Tracing the lines of media revolution with the advent and popularisation of the internet, social media, print, mobile phone, etc., the landscape of protest culture has also witnessed a drastic revolution, especially when we analyze the ways in which women are using these avenues as a means to organize, express outrage and draw awareness to taboo or previously silenced topics. The virtual ‘hashtag’ form of protests such as the #MeToo movement is marking the rise of digital activism which, in spite of the prevalent sexism in media, challenges these very stereotypes through online campaigns and viral advertisements. Similarly, art has also emerged as another tool of dissent. “Art helps you resist and persist,” says Tanzeela, the artist behind the now-iconic image of the woman in the tricolor hijab which has become a new narrative of resistance in Shaheen Bagh protests. Several other artists like her are taking up diverse mediums such as songs, theatre, writings, illustrations, etc. to uphold their voices of dissent and to open ways to rethink the relations and boundaries between the future, the past, collective action, the law, and violence within gendered frames.

Thus, the story of women paving their way from the confined walls of home to bet themselves at the altar of restive streets of activism highlights a story of “protest against, protest for, protest within.” It is not only actively changing the landscape of socio-political environment of a country but also shatters the hierarchical and gendered notions attached to their physical and psychological identity as women. The substantive increase in the literacy rate among women in past few decades has allowed the emergence of a generation which has increased self ownership, access to information and for whom retreating to a state of lack of agency is not an option anymore.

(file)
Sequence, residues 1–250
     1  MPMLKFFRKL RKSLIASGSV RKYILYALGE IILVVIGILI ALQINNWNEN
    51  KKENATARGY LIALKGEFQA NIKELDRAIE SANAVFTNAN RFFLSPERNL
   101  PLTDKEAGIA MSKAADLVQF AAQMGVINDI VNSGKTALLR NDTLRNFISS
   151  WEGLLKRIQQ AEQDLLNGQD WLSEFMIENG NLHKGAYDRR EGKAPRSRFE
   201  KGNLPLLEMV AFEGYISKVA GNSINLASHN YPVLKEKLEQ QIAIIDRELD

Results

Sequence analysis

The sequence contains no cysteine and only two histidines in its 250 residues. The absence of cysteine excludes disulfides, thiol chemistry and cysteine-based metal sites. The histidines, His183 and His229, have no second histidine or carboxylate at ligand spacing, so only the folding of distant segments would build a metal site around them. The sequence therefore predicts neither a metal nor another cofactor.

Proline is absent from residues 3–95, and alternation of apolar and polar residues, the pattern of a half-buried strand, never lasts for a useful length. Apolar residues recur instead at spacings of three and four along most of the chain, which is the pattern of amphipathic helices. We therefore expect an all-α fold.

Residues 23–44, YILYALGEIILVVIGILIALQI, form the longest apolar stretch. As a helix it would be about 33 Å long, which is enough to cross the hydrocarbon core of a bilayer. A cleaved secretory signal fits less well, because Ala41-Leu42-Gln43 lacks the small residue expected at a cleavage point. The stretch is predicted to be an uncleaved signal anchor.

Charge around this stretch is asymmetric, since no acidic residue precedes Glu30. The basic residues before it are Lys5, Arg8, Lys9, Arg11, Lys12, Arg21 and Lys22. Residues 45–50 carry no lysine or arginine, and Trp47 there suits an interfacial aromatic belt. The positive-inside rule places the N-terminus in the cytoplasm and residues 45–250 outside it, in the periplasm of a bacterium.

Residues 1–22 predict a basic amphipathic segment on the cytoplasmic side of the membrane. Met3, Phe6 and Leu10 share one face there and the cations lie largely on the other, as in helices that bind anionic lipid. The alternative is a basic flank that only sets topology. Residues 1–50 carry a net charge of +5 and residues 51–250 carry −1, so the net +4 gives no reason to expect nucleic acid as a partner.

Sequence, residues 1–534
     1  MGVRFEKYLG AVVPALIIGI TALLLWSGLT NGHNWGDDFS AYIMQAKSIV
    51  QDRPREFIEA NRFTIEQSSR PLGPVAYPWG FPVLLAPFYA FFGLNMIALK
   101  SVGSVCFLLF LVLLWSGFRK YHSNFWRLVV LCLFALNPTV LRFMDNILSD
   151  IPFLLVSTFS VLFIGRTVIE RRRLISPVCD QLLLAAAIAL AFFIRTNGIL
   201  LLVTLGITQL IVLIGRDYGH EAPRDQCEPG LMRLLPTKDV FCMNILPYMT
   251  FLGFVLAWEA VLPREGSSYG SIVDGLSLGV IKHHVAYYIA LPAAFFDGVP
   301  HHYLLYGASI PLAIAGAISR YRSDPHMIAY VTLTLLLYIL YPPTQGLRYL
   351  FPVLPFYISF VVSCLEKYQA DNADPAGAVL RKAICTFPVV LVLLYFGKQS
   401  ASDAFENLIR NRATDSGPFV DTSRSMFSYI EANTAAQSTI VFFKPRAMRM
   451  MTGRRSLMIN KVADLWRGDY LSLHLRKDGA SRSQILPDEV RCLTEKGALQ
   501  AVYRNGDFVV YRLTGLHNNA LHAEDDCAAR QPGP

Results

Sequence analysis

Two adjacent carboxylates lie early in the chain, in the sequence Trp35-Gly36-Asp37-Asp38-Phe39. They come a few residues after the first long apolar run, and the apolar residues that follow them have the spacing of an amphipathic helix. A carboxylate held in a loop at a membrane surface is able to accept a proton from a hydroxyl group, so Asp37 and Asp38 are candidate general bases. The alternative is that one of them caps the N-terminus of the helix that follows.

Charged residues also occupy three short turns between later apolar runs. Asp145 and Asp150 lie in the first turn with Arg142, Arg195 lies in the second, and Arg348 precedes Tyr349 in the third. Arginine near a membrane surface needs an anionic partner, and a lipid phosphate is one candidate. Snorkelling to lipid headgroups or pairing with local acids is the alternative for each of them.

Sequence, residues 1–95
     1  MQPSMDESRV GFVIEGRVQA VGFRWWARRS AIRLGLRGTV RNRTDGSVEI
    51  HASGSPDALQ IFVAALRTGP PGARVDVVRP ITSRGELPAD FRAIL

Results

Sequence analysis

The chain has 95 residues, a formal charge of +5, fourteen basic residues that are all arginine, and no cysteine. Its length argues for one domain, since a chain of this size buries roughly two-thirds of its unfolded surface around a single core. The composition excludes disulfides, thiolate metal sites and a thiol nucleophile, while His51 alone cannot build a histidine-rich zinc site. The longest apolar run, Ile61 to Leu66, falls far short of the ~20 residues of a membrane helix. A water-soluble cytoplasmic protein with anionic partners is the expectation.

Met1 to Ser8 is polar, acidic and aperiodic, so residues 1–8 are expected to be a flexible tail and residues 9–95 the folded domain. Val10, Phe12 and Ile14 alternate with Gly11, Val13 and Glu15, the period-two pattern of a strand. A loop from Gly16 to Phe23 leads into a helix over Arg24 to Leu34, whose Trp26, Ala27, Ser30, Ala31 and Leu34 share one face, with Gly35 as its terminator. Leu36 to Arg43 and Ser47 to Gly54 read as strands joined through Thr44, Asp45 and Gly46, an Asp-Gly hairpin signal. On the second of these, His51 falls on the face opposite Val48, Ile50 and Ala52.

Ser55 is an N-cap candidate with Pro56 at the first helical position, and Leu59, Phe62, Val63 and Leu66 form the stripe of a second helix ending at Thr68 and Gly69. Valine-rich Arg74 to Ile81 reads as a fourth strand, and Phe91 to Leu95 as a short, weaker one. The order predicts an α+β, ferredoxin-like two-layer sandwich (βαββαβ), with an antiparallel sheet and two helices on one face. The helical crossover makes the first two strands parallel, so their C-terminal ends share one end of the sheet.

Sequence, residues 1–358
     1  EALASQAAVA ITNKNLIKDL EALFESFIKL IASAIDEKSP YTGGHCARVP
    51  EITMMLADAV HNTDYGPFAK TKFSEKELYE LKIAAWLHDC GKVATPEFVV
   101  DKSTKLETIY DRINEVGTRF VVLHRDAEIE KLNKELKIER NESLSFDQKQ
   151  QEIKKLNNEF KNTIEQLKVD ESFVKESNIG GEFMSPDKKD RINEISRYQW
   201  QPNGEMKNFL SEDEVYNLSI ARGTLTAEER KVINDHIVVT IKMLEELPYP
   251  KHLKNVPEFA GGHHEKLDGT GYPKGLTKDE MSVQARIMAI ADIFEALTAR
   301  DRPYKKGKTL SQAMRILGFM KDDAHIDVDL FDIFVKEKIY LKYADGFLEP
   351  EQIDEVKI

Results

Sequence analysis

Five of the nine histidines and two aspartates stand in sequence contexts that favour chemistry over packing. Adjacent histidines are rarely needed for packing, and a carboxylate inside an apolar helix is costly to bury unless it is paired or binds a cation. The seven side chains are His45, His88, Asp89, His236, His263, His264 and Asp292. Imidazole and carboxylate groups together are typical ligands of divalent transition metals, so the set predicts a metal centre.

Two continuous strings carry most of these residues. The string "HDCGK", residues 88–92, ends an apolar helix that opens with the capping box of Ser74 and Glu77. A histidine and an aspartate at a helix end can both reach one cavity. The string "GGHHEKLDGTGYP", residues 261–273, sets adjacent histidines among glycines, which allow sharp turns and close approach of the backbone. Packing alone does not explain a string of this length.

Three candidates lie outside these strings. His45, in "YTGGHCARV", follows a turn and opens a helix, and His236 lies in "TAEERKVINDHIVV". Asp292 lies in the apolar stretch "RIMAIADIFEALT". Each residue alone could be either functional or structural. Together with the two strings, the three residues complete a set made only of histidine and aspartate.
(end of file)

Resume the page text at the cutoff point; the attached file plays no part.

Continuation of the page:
Sasson-Levy, Orna and Rapoport, Tamar (2003). Body, Gender, and Knowledge in Protest Movements: The Israeli Case. Sage Publications, Inc. Women’s Studies Quarterly, Vol. 46, No. 3 & 4 (2018). The Feminist Press at the City University of New York. Singh, Gayeti (2020). Aljazeera [Online]. Available at : https://www.aljazeera.com/indepth/features/meet-artists-resisting-india-citizenship-law-200128065459553.htmlBhowmick, Nilanjana (2020). Time [Online]. Available at : https://time.com/5765702/india-protests-women/UN Women [Online]. Available at : https://interactive.unwomen.org/multimedia/timeline/womenunite/en/index.html#/2000